Regardless of the amount consumed, driving under the influence of any drugs or alcohol is completely inadvisable, not to mention being totally illegal. Even the most experienced of drivers cannot negate the physical and mental effects that drugs and alcohol can have on your motor skills and ability to wisely judge any situations involving a vehicle and the actions of others on the road. 

Driving under the influence (DUI) is a serious criminal offense with serious penalties, including hefty fines, license suspension or revocation, interlock ignition device installation,  and even jail time. If you find yourself charged with a DUI, it’s crucial to understand the steps you should take to navigate this challenging situation. As you will require a  vehicular crime lawyer


Try To Avoid Bad Conditions 

Given the presence of adverse weather or road conditions, such as heavy rainfall, fog, or poor road quality like potholes, it’s always wise to drive slower than usual and invest extra attention whilst you’re driving. This will decrease the chance of losing control to the extent that you cannot correct the issue, giving you more time to try and avoid any accidents.

Driving at high speeds in rain could cause your car to aquaplane or spin totally out of control, putting yourself and others at risk. The same applies to fog where you cannot judge what may be ahead of or behind you. Even potholes, which may send your car veering in any direction or possibly bursting a tire or other damages you may experience due to the shock the vehicle is subjected to.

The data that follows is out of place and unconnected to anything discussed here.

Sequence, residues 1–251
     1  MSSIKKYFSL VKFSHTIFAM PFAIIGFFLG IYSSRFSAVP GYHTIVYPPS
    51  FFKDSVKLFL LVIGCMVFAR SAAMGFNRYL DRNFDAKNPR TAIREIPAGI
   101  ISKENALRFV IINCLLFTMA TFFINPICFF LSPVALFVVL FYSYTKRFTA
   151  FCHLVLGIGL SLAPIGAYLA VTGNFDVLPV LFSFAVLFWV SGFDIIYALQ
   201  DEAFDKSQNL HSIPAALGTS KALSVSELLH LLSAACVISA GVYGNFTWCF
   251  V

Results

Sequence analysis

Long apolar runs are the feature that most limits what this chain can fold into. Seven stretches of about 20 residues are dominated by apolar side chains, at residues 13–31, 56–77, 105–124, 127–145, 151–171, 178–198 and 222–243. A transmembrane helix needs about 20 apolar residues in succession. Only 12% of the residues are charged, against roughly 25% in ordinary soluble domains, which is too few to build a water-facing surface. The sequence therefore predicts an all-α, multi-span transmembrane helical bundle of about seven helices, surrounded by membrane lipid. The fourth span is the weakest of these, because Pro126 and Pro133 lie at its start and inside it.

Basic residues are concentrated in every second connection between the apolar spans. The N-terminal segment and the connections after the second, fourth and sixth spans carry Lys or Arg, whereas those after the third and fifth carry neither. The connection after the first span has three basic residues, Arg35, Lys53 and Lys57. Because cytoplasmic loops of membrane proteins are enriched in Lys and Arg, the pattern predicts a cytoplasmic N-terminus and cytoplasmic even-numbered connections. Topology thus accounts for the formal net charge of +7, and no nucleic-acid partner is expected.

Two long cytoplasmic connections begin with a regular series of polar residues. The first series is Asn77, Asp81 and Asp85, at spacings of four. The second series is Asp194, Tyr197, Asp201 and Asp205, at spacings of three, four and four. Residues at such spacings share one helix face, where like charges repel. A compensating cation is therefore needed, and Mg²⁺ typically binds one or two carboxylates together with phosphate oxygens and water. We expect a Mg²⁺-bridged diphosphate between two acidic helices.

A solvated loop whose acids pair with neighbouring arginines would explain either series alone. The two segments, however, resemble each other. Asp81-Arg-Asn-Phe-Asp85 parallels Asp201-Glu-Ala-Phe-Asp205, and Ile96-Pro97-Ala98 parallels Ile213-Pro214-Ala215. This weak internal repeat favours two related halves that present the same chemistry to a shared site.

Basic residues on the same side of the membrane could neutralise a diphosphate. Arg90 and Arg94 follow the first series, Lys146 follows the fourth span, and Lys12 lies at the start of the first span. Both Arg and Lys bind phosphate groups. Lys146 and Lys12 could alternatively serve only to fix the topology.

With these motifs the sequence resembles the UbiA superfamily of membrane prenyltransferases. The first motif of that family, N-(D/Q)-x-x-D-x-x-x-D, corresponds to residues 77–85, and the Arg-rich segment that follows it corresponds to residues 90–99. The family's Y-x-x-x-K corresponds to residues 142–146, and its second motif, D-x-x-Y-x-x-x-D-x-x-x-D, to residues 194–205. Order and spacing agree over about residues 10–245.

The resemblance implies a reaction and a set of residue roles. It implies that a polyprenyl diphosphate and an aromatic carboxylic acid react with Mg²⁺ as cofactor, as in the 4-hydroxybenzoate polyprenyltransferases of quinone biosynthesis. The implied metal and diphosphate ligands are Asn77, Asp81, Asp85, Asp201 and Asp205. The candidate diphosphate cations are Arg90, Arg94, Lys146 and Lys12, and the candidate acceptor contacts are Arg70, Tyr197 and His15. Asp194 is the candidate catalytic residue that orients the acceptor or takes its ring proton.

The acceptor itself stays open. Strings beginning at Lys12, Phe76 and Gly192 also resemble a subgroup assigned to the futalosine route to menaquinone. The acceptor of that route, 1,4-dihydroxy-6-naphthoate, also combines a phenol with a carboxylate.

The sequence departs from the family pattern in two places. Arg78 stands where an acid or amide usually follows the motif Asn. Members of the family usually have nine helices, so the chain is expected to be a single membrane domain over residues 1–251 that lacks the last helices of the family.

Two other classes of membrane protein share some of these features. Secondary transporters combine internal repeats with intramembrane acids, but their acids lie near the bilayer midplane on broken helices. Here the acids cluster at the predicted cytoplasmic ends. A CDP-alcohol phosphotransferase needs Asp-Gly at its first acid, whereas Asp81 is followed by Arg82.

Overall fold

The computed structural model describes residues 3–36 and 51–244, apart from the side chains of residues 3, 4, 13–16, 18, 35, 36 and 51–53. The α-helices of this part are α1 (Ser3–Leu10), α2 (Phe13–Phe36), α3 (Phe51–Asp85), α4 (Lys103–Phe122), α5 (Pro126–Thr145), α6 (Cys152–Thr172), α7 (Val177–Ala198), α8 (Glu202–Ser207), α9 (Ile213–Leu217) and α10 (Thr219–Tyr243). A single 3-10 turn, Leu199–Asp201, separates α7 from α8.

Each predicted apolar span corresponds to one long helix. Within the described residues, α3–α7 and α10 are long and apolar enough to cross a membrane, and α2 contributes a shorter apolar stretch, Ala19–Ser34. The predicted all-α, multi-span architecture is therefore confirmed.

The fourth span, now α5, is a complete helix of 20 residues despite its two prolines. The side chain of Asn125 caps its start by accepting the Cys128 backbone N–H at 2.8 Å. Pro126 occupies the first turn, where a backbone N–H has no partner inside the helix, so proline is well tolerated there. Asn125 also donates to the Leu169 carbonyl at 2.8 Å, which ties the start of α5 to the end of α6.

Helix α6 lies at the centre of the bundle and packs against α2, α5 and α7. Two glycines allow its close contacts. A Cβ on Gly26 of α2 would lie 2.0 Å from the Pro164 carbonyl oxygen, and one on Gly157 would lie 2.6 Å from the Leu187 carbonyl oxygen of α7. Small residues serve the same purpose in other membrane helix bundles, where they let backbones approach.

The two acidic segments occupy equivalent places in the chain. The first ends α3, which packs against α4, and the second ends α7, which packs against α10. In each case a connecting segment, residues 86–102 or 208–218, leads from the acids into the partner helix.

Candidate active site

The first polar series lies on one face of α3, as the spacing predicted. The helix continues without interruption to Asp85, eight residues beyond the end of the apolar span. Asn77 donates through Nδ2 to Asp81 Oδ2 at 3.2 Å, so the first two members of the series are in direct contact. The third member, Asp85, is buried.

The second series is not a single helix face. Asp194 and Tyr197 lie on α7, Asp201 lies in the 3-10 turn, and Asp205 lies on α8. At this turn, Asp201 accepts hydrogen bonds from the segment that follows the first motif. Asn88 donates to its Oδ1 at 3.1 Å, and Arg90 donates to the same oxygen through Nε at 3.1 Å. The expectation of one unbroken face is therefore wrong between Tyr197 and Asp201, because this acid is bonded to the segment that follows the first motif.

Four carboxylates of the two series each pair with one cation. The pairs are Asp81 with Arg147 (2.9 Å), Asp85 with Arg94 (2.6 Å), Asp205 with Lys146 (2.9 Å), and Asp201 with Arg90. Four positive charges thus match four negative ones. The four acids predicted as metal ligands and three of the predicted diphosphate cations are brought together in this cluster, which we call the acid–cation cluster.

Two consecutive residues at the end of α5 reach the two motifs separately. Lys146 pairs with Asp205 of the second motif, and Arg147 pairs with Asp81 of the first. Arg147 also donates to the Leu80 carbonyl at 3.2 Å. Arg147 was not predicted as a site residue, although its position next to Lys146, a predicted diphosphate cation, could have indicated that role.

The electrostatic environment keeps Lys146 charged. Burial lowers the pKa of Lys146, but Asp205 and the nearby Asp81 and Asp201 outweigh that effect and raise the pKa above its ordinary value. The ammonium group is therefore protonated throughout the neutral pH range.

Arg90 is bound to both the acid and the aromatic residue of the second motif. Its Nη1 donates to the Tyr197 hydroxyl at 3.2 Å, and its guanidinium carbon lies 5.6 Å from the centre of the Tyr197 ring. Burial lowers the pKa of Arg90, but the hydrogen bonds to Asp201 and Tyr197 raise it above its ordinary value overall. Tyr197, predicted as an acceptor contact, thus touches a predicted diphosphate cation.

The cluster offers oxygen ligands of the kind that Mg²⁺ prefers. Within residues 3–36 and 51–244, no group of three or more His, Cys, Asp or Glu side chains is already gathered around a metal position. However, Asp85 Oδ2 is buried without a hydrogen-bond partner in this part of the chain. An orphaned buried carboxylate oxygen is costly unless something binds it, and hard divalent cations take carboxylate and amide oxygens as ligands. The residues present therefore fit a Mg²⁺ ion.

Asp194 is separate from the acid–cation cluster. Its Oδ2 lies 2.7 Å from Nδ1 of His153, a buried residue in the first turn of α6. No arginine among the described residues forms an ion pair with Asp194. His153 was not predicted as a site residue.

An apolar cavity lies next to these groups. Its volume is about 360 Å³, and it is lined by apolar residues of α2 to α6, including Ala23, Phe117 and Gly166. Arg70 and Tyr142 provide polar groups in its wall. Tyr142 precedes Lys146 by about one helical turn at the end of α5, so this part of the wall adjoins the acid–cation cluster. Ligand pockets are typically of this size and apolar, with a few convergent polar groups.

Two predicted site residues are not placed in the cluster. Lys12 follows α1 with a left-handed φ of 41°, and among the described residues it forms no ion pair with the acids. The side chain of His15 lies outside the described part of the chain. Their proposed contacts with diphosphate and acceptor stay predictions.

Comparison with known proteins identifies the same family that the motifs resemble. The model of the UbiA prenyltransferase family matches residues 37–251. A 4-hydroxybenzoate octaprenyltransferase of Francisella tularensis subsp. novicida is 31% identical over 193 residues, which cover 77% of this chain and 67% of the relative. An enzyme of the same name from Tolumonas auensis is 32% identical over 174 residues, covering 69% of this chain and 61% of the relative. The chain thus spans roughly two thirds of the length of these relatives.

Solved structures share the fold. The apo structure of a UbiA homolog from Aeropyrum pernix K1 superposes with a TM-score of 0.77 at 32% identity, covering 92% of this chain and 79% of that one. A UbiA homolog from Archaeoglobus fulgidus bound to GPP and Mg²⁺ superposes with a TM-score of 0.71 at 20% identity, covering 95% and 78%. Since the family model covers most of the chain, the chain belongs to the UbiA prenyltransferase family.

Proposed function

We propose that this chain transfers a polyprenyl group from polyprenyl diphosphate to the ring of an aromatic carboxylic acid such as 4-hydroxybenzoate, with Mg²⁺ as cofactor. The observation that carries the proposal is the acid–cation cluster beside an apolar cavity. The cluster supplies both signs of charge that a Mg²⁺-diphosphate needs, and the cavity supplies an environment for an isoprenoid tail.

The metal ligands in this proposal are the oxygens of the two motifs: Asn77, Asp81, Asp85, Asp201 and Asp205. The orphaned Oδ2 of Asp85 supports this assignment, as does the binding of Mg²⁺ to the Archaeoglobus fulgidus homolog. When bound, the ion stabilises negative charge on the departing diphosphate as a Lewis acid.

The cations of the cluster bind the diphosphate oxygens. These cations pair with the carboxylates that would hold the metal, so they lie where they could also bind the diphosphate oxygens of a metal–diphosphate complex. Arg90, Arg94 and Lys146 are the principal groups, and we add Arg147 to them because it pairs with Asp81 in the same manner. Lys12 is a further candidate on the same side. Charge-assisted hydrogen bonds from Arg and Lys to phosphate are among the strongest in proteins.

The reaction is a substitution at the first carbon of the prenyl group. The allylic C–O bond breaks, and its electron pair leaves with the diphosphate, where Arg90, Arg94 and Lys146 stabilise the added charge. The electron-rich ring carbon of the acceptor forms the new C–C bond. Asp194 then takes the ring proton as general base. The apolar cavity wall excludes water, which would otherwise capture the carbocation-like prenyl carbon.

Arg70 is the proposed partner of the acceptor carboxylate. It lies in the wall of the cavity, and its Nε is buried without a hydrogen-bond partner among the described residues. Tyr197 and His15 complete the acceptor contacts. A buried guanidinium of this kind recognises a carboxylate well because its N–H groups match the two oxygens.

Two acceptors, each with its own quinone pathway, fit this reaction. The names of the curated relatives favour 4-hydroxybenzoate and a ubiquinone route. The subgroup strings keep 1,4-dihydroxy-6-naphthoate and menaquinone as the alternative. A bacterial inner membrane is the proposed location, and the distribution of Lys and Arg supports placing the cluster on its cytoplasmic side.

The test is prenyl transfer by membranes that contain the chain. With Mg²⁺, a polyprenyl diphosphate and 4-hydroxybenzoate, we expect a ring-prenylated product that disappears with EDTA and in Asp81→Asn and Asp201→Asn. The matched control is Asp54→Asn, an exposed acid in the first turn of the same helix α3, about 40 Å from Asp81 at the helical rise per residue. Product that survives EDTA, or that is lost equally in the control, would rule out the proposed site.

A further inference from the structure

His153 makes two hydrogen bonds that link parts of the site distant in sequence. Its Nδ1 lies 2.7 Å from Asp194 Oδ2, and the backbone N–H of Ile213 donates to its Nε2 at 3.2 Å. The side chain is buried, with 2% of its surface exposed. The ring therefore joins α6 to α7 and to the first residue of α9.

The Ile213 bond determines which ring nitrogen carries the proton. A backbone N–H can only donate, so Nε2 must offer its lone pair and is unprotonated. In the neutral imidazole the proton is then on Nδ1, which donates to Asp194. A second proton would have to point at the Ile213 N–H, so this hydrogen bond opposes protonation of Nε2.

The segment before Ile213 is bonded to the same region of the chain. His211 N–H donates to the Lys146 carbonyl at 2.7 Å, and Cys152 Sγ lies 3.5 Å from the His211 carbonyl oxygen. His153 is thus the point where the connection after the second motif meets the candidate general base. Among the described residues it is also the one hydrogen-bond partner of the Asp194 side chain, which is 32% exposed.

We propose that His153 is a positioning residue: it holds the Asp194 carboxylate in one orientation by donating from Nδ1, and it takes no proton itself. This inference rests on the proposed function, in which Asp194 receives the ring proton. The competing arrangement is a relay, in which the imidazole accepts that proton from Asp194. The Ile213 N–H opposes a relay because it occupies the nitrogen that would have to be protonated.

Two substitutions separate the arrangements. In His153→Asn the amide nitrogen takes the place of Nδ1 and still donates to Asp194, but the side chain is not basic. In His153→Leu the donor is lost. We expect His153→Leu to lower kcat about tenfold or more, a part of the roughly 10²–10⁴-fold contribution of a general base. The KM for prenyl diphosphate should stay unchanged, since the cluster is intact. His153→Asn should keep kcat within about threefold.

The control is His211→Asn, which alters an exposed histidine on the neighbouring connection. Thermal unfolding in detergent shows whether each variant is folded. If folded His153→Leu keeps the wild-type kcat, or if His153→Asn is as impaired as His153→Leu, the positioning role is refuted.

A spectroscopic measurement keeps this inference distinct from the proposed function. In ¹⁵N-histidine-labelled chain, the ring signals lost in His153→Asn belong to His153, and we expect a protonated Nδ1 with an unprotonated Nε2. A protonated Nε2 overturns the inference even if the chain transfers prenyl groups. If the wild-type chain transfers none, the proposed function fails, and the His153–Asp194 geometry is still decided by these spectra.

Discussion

Always Wear Your Seatbelt 

Many people think that wearing your seatbelt may only be necessary when traveling at high speeds, the reality is that wearing a seatbelt can even save your life in the most minor of accidents. The seatbelt is one of the most significant safety features in any vehicle. 

Wearing your seatbelt, as well as ensuring any passengers are also wearing their seatbelt, is one of the easiest ways to avoid serious injury or death in the case of an accident. Wearing a seatbelt also helps to keep you in a more vigilant and attentive driving position, which will aid in your ability to correctly stay aware of all your surroundings and react accordingly in an efficient and safe manner. 

Almost any car accident, slow or fast, one or multiple vehicles, will result in the injury or death of an individual(s) or material damage at the very least. By following the tips mentioned above, you can avoid the chance of being involved in any car accidents, to begin with, as well as negate the serious repercussions which an accident can possibly result in.  

It’s always important to remember that driving a car and sharing the road with others is not just a luxury, but also a responsibility. You must always be sober, vigilant, and well versed on the rules of the road if you are to partake in the piloting of a vehicle. To ensure your safety, as well as the safety of other road-goers.